Isis 'Beatles' victim David Haines' final letter to parents reveals last wish ...

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() A letter which a murdered Islamic State hostage was forced to write to his parents urging them to raise almost £100million for his release has come to light for the first time. 

Former RAF engineer David Haines, 44, from Perth, Scotland, was murdered in Syria in September 2014 after being abducted and held prisoner for 18 months. 

In the letter, which was obtained by the Sunday Times, Mr Haines expressed his heartfelt wish to 'have the chance to see my children and hug them again... I don't think I would ever leave them again!!'   

A letter which a murdered Islamic State hostage David Haines (pictured) was forced to write to his parents urging them to raise almost £100million for his release has come to light for the first time. Above: Mr Haines's murder in 2014 was filmed. He was seen kneeling in the desert in an orange jumpsuit before being beheaded by Jihadi John (right)

A letter which a murdered Islamic State hostage David Haines (pictured) was forced to write to his parents urging them to raise almost £100million for his release has come to light for the first time. Above: Mr Haines's murder in 2014 was filmed. He was seen kneeling in the desert in an orange jumpsuit before being beheaded by Jihadi John (right)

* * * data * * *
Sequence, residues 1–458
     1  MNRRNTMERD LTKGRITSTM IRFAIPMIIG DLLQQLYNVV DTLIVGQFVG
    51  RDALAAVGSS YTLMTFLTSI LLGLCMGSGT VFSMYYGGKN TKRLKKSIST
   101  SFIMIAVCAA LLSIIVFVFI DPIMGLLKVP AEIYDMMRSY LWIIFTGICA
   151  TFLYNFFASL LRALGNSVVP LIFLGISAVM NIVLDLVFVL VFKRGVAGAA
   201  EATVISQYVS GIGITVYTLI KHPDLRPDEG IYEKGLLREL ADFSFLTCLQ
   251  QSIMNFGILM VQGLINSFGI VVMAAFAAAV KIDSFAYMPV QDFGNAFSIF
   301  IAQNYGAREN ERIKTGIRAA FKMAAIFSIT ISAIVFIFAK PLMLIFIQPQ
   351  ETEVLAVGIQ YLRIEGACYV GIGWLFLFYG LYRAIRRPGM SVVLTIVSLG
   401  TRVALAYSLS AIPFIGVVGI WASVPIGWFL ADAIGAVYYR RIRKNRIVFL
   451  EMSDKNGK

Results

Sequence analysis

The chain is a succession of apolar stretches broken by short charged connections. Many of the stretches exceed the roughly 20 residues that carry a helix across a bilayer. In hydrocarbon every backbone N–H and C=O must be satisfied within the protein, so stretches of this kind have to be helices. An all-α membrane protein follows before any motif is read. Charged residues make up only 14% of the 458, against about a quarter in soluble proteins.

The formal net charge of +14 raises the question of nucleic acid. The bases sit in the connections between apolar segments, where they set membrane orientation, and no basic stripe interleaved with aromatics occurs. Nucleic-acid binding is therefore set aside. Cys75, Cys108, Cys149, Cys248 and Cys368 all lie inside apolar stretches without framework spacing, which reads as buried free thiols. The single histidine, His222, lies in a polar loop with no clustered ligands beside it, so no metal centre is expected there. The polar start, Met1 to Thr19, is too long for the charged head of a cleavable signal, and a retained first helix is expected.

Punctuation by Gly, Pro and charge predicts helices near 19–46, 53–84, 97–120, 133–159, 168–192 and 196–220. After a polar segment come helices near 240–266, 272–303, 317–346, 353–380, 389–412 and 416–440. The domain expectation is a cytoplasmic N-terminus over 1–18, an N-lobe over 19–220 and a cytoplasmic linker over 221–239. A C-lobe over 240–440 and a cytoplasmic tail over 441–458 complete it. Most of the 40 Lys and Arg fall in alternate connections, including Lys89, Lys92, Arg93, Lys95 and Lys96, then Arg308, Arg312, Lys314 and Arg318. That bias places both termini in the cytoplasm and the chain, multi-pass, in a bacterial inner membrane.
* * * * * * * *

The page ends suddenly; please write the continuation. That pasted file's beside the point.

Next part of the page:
The Yorkshire-born aid worker appeared in a sickening ISIS murder video, kneeling in the desert in an orange jumpsuit before being beheaded by Jihadi John, the leader of the so-called 'Beatles' terror cell.

A year after being taken captive, Mr Haines was forced to write the letter, in which he also apologised for asking his parents to raise the money demanded for his release. 

The father-of-two was one of 17 hostages, including American, Spanish and French citizens, who were held captive by the Beatles cell, who were given the name because of their English accents. 

A year after being taken captive, Mr Haines was forced to write the letter, in which he apologised for asking his parents to raise the money demanded for his release. Above: Mr Haines pictured with his daughter Bethany as a toddler

A year after being taken captive, Mr Haines was forced to write the letter, in which he apologised for asking his parents to raise the money demanded for his release. Above: Mr Haines pictured with his daughter Bethany as a toddler 

Mr Haines hoped in the letter the ransom amount, €100m, would not be 'impossible' to get. 

'They have released other hostages and also killed one,' he added. 

He then wrote: 'I am so sorry to put you through this ordeal and maybe you can forgive me one day. I know you will try your hardest. They are releasing the French.'

''So this group do what they say they will do. As there are American and British it may be a miracle but this amount could be raised. If not I fear the worst!!' 

Mr Haines's letter is not dated, but his referral to French hostages indicates it was most likely written around April 2014, when four French hostages were released.

In the months before his death, his letter revealed, Mr Haines had suffered repeated illnesses, including a stomach ulcer. 

He wrote: 'My health is still deteriorating but I have been receiving good treatment as well as medication that seem to contain the

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